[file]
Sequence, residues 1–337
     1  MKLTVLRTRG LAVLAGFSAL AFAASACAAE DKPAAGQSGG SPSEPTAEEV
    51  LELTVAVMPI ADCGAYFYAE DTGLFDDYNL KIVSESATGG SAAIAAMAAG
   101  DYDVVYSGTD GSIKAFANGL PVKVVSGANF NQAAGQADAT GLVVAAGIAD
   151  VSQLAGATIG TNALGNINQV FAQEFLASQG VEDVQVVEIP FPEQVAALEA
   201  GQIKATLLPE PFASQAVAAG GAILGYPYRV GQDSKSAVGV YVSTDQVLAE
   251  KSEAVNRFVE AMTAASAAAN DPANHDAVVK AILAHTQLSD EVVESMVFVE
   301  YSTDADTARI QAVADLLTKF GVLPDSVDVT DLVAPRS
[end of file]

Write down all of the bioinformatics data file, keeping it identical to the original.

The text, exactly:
Sequence, residues 1–337
     1  MKLTVLRTRG LAVLAGFSAL AFAASACAAE DKPAAGQSGG SPSEPTAEEV
    51  LELTVAVMPI ADCGAYFYAE DTGLFDDYNL KIVSESATGG SAAIAAMAAG
   101  DYDVVYSGTD GSIKAFANGL PVKVVSGANF NQAAGQADAT GLVVAAGIAD
   151  VSQLAGATIG TNALGNINQV FAQEFLASQG VEDVQVVEIP FPEQVAALEA
   201  GQIKATLLPE PFASQAVAAG GAILGYPYRV GQDSKSAVGV YVSTDQVLAE
   251  KSEAVNRFVE AMTAASAAAN DPANHDAVVK AILAHTQLSD EVVESMVFVE
   301  YSTDADTARI QAVADLLTKF GVLPDSVDVT DLVAPRS